This conceptual approach of the “fused metaphor” combines symbol “A” with symbol “B” to produce a new result.


Sean Adams
Hey
Sean Adams extolls the virtues of a narrative told with minimal means and a strong ideas.


Sean Adams
Joe Orton: Dangerous Collage
Is it graphic design?


Sean Adams
Manifesto of Surrealism: 3 Tragedies
We pass through our days creating fictions to make sense of the world.


Sean Adams
Return of the Standards Manuals or Revenge of the Rigid
These are not systems to be messed with.


Sean Adams
John Astrop and Eric Hill, Booze, 1967
Historic design work, linked to the cultural standards of its time, is often unacceptable now. Does that make it bad? Should the creator be vilified? Should the offending design work be eliminated from a classroom or book?


Sean Adams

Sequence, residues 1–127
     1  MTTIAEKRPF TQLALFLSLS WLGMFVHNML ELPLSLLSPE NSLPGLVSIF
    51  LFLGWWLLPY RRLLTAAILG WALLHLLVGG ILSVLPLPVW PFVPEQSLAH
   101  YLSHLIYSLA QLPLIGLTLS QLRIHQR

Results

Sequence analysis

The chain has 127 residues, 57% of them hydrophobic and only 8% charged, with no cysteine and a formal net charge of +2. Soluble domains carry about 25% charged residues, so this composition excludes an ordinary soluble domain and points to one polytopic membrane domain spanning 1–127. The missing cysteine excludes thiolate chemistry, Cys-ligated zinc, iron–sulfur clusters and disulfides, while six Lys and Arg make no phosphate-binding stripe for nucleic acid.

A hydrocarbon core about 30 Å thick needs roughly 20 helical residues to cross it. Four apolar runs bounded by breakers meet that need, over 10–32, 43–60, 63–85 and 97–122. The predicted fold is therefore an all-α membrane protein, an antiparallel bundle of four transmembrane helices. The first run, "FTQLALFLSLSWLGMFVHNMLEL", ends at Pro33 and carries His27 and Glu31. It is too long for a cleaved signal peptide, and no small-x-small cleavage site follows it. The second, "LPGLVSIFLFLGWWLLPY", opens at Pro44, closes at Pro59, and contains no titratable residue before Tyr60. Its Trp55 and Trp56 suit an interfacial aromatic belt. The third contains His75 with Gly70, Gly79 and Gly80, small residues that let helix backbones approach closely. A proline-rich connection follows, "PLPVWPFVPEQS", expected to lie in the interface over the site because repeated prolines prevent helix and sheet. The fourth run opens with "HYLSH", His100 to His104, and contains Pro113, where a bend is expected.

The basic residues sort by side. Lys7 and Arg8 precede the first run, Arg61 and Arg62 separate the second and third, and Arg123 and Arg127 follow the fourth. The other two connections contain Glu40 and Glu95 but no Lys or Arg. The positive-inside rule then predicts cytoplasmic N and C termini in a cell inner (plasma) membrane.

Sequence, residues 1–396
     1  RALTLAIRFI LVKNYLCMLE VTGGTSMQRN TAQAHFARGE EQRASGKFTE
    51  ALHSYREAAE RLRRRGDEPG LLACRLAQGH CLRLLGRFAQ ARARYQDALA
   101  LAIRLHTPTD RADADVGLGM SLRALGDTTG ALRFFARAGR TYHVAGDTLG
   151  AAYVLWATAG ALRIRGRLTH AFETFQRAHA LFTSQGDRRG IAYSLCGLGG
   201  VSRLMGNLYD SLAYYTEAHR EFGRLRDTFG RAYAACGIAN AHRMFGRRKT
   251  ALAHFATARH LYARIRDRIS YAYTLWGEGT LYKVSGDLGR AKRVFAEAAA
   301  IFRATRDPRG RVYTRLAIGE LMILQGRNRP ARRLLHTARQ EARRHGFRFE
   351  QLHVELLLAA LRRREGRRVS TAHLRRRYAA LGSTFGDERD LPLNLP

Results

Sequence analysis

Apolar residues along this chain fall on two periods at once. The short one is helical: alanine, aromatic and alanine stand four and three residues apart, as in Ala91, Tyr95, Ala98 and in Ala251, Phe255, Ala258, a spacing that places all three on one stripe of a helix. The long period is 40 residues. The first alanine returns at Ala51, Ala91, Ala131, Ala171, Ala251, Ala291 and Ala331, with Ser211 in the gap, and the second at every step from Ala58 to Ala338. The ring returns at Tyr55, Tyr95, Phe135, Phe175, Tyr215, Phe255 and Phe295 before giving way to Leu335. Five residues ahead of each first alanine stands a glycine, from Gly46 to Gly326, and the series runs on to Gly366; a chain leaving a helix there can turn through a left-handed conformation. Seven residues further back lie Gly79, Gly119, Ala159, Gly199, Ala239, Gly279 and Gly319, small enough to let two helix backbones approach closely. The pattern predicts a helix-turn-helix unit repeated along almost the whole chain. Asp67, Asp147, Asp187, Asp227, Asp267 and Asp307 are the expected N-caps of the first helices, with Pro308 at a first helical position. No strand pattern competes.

Mary Blair: The Grand Canyon Concourse Mural
Mary Blair’s Grand Canyon Concourse mural in the Contemporary Resort at Walt Disney World is a super-graphic that transforms the architecture.


Sean Adams
Phyllis Tanner
“It is a cut-throat business. Be good at negotiating. It is not just about ART.”


Sean Adams
Jennifer Morla: El Museo Mexicano, 1995
As a designer, does the work we create subjugate and presume superiority over another culture, or does it attempt to authentically represent it?


Sean Adams
Marget Larsen
Marget Larsen’s design work bridged post-war American modernism and 1960s hedonist psychedelia.


Sean Adams
Will Burtin
Will Burtin was a graphic designer with no sense or boundaries in media.



Observed


Brian Collins on design clichés. [JH]

The Tate Modern’s “public” viewing area allows museum visitors to look straight into the homes of the residents of a nearby building: interested readers can nerd out on the forty-seven page ruling that explains why a design decision can fall prey to the laws of public nuisance. [JH]

Lou Dorfsman and Al D’Amato’s powerful advertisement from 1962: an appraisal. (Via Natalia Pangaro.) [JH]

Remembering Carin Goldberg. [JH]

Coming soon to The Design Museum in London, an exhibition on design and history—organized by the Chinese dissident artist Ai Weiwei. [JH]

Will the future of design be collaborative? Figma’s Yuhki Yamashita thinks so. [JH]

Designers and layoffs. [JH]